Exposure To Traffic Noise Can Increase Risk Of Stroke

Research shows link between those living close to a busy road and heart problems



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With one of the busiest roads in the country running through the heart of it, Chiswick residents will be concerned to hear that exposure to noise from road traffic can increase the risk of stroke in the over 65s.

According to a report published in The Daily Telegraph, researchers found that for every 10 decibel (dB) increase in noise, the risk of stroke increases by more than a quarter (27%).

Although the study shows a link rather than a cause, NHS experts agree that it seems plausible that noise might increase stroke risk, especially very high levels of noise, via raised blood pressure or lack of sleep or other theoretical mechanisms, this is quite a weak link. As the researchers acknowledge, these differences could be due to unmeasured or incompletely adjusted factors that also increase stroke risk. The researchers point out some other strengths and limitations to their study:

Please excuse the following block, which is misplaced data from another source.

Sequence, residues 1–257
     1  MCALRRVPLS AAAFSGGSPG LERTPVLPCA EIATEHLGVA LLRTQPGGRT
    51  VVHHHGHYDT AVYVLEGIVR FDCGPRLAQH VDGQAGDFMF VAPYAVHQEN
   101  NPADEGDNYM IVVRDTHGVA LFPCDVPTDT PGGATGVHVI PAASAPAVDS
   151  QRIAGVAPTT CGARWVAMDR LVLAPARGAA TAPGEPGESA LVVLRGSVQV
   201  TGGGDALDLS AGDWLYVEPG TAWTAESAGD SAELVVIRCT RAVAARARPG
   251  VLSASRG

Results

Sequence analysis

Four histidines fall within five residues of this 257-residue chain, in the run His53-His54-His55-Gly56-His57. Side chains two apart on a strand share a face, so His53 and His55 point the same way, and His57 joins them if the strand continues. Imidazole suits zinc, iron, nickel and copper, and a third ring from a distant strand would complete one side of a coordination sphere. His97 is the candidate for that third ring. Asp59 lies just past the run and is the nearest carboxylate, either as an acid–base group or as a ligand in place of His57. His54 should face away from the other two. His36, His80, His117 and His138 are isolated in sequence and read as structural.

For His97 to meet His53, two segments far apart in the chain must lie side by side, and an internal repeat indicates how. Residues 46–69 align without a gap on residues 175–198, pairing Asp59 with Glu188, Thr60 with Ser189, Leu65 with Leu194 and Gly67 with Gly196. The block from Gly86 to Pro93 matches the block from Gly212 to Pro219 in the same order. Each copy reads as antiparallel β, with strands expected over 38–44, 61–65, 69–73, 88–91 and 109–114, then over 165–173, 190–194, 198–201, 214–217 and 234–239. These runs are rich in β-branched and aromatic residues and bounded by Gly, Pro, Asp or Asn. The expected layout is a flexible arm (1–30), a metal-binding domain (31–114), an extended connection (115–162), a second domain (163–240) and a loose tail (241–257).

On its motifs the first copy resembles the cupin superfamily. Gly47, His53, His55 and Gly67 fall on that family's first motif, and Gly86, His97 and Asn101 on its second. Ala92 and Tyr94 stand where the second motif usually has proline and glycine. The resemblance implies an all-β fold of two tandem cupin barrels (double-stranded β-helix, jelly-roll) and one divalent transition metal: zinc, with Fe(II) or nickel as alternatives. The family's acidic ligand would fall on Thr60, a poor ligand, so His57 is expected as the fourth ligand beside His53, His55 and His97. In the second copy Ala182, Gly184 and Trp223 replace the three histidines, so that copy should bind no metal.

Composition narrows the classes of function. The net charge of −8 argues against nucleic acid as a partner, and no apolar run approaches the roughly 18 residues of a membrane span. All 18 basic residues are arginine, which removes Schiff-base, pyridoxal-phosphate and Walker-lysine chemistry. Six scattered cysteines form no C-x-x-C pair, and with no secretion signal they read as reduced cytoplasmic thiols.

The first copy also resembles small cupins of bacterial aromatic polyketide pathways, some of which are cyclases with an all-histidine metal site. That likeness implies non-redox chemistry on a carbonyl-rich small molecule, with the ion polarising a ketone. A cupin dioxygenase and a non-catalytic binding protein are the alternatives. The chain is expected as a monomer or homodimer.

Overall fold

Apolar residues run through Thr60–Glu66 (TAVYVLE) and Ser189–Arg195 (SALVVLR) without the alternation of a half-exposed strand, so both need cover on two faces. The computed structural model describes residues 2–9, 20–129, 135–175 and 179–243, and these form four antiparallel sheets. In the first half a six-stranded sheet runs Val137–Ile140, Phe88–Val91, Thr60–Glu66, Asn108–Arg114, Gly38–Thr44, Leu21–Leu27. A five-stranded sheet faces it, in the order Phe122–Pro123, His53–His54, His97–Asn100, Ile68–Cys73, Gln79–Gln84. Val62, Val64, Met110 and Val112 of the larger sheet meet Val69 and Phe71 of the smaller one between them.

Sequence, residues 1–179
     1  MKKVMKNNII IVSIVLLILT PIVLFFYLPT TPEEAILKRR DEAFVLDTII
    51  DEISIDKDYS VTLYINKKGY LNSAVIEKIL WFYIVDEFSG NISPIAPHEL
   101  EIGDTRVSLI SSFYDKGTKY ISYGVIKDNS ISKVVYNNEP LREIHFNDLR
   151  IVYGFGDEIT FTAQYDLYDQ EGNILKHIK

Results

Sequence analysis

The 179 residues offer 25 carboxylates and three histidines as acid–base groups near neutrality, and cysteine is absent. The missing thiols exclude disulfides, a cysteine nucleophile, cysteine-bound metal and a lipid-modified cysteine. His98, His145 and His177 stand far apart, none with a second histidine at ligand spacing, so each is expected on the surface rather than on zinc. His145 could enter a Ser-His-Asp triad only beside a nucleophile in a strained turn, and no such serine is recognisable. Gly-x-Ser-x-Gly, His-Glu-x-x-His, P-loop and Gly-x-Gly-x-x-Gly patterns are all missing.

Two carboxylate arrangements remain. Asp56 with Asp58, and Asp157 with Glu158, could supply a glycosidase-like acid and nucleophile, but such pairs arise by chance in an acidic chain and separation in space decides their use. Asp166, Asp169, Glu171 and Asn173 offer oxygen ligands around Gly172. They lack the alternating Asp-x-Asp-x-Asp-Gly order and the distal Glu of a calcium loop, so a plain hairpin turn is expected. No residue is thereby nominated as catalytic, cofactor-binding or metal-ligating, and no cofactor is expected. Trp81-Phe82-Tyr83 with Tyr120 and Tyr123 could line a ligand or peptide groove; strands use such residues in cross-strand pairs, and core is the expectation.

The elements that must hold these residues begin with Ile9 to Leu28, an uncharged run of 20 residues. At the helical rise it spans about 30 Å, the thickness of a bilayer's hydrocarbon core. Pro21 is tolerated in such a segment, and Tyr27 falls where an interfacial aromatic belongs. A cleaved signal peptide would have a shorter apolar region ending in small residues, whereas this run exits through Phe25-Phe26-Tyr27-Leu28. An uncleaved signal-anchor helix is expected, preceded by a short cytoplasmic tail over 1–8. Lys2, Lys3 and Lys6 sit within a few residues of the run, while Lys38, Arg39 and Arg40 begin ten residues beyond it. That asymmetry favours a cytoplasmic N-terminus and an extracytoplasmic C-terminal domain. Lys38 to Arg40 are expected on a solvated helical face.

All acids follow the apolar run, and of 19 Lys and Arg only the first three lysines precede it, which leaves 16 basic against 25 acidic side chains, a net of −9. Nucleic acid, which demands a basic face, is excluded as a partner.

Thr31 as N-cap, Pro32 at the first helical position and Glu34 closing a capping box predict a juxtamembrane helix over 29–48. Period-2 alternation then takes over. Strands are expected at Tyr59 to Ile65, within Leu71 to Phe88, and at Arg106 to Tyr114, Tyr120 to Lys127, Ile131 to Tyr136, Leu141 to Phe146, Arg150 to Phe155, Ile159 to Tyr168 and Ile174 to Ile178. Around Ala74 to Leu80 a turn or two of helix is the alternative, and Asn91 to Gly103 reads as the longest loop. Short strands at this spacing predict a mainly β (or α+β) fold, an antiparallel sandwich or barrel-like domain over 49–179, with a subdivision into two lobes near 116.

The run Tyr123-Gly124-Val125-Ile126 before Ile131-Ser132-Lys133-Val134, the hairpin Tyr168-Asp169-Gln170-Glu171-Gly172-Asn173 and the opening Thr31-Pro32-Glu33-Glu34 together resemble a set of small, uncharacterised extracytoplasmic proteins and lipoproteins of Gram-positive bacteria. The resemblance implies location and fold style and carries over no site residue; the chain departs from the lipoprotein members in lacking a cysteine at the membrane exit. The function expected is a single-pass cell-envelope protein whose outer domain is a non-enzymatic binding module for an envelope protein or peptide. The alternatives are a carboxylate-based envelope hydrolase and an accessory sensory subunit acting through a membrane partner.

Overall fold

• The findings are made more robust with the adjustment for air pollution, which is known to correlate with road traffic noise, as both air pollution and noise increased the nearer the participants lived to busy roads.

• They acknowledge the link between stroke and socioeconomic status by saying that there was a higher proportion of people on a low income among those exposed to high noise levels. As socioeconomic status has been found to be a predictor for stroke, this potential confounder needs further exploration.

• A potential weakness is that the noise estimates were based on modelled geographic averages and not on measured values.

• The researchers also say that they had information only on residential addresses and not, for example, work or holiday-home addresses. This could have affected the accuracy of the modelled noise levels.

March 1, 2011